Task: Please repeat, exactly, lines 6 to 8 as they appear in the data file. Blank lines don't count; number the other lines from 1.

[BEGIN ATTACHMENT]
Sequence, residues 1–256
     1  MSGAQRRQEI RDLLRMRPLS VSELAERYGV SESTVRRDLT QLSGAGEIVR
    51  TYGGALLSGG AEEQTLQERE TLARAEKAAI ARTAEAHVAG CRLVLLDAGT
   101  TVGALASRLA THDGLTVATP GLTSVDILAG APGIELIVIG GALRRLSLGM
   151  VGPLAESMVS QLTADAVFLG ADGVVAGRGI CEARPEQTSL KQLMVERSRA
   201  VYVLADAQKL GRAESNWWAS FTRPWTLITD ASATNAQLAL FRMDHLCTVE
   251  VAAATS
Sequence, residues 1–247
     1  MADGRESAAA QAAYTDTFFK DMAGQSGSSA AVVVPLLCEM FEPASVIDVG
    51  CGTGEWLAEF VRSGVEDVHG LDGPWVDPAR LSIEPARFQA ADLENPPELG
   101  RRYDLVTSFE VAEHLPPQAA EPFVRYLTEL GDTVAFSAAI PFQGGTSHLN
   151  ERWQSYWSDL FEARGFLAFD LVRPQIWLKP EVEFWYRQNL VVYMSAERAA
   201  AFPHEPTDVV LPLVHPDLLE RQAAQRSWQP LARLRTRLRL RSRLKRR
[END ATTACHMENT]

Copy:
   201  VYVLADAQKL GRAESNWWAS FTRPWTLITD ASATNAQLAL FRMDHLCTVE
   251  VAAATS
Sequence, residues 1–247